October is a beautiful time in Ireland. The weather is crisp and cool, leaves are turning and falling, fires are seriously stoked in the evenings, and the scent of cinnamon, nutmeg and mixed spice fills the air. It is all so wonderful. As the month comes to an end, there is a growing excitement for Halloween night to arrive. In our Irish home the children have already selected their costumes and started to make plans.
Our youngest will be out trick-or-treating in the neighbourhood with a group of friends, while our eldest, who feels she is too old to dress up and go begging for candy, will be at home with her cohorts celebrating with a real old-fashioned Irish Halloween party.
In keeping with the customs of long ago, there will be a bonfire, fireworks, bobbing for apples, bowls of nuts and fruits, Colcannon (a dish of mashed potatoes, kale and onions), and a Bram Brack, a fruit filled bread traditionally eaten on and around Halloween.
The Bram Brack will have small items, wrapped in greaseproof paper (parchment paper), baked inside as a means for fortune-telling. A ring will symbolise love or marriage, a coin for wealth, a soup-pea for poverty, and a thimble for a life of spinsterhood or bachelorhood.
Interestingly, the recipe I’m using comes from Young Housewife’s Cookery Book by Brigid Russell. Published in 1928, the book was written for housewives “untrained in cookery skills”…in other words…the self-taught home-chef like me!
In preparation for this blog post and the party, I baked a loaf of Barm Brack over the weekend. It turned out really well, though I felt the recipe lacked complexity. I will add cinnamon, nutmeg and mixed spice when making it again. If you’re not a fan of those autumn spices, you could, of course, leave them out.
Barm Brack keeps nicely for about three days, after which it tends to get a little stale. When this happens, don’t toss it in the bin. Instead, toast it and serve it buttered with a hot cup of tea.
From our Irish home to yours, I wish you and your little ghosts and goblins a Happy Halloween.
Makes One Loaf
1/4 lb butter
1/4 lb currants
1/4 lb castor sugar
1/2 lb sultanas
2oz peel (candied)
1. Heat the flour. (I placed mine in a large mixing bowl and popped it into a warm oven for about 15 minutes.)
2. Break the butter into the flour and add the sugar. (I cut the butter into small pieces and worked it into the flour with my hands until the flour resembled coarse bread crumbs.)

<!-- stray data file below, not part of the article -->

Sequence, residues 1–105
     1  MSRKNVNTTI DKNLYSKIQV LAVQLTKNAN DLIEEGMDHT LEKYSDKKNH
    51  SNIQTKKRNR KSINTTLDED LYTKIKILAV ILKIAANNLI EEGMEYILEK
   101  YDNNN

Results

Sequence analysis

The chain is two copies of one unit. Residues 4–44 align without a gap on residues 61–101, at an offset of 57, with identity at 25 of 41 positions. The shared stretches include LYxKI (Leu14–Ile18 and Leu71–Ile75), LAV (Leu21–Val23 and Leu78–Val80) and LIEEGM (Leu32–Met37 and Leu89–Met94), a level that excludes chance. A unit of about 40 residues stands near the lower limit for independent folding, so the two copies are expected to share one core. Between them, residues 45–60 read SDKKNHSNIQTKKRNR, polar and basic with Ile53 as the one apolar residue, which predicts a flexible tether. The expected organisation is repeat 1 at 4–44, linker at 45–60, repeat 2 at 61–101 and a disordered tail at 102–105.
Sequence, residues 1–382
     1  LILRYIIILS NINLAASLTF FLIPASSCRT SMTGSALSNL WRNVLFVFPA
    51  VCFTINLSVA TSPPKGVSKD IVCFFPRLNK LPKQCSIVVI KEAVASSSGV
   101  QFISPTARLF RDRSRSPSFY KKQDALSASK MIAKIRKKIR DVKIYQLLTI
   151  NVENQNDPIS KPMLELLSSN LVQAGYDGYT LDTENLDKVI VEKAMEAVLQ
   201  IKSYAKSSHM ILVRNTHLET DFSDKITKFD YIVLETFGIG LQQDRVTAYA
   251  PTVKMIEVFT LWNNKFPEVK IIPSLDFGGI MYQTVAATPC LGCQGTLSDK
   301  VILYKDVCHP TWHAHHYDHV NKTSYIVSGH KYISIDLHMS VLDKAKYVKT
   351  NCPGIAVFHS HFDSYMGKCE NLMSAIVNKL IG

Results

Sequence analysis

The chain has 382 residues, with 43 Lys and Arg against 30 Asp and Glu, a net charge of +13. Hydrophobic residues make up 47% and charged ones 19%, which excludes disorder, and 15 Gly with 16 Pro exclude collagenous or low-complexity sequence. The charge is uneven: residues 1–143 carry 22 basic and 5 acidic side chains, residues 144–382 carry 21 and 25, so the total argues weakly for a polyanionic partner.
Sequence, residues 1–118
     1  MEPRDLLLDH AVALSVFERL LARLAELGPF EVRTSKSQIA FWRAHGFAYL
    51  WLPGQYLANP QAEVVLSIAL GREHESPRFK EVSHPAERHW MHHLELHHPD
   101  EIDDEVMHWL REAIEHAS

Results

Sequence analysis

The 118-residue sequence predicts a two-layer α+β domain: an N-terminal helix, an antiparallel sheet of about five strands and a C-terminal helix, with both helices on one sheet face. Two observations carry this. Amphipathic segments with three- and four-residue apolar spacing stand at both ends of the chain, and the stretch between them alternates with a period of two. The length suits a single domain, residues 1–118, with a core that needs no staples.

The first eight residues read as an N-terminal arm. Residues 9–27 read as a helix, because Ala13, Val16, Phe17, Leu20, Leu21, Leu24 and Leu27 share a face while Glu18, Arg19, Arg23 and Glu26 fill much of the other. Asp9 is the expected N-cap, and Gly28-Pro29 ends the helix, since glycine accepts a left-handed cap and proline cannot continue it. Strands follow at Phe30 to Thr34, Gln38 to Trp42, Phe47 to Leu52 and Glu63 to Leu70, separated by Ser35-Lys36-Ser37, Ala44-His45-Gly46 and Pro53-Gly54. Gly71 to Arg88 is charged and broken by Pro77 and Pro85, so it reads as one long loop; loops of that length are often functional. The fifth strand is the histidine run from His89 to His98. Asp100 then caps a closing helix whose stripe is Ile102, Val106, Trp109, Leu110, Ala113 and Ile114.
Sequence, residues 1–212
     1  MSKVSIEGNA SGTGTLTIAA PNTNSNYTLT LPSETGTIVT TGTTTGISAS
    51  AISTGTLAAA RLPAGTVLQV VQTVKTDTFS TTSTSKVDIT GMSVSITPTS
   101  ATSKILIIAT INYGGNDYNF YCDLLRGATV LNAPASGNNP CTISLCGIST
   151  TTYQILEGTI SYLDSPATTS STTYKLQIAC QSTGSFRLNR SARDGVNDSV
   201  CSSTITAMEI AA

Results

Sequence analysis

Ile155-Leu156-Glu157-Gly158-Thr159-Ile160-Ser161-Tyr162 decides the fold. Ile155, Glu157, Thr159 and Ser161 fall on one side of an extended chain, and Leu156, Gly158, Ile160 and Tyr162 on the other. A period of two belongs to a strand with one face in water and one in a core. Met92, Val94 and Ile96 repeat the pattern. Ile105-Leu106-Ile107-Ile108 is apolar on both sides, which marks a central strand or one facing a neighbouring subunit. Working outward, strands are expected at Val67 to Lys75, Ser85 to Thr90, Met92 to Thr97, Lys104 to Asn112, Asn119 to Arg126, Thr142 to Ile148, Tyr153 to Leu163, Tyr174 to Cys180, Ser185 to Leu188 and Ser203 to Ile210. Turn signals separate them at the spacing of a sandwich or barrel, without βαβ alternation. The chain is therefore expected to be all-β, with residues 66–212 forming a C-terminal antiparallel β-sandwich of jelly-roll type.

3. Put the yeast into the flour, and, with beaten egg and sufficient tepid milk, make the whole into a loose dough. (I sprinkled the yeast over the sugared flour, whisked the egg with a fork in a small bowl with one cup of room temperature milk. I added more milk straight from the carton into the bowl as needed.)
4. Knead for 8 to 10 minutes; put to rise in a warm place for 2 hours. (The dough was very stiff, but somewhat elastic…vague, I know, but that’s the only way to describe it.)
5. Add the prepared fruit and the finely-chopped peel and knead again for 8 minutes. (I did not add peel to my loaf, but I did add an extra 2 ounces of raisins. Here is where I would suggest adding 1/2 teaspoon ground cinnamon, 1/2 teaspoon nutmeg, and 1/2 teaspoon mixed spice.)
6. Place in a greased cake-tin, and again put to rise in a warm place for about 20 minutes. (I lightly buttered a loaf tin and I left the Barm Brack to rise for 30 minutes.)
7. Bake in a hot oven for about 1 hour. (I baked mine in an oven preheated to 180°C/350°F. When the top started to burn, I covered it with a piece of greaseproof paper to protect.)
8. When done, the loaf should be glazed by brushing over with a solution made from equal parts of sugar and boiling water. (I omitted this last step.)
A recipe for Irish Tea Brack, a similar but easier version of Barm Brac, may be found here.
An article from the Archeological Institute of America on the history of Halloween’s Celtic Roots may be read here.
A history lesson of Ireland’s Halloween customs may be found here.
Haunted houses in Ireland here.
Irish Halloween traditions here.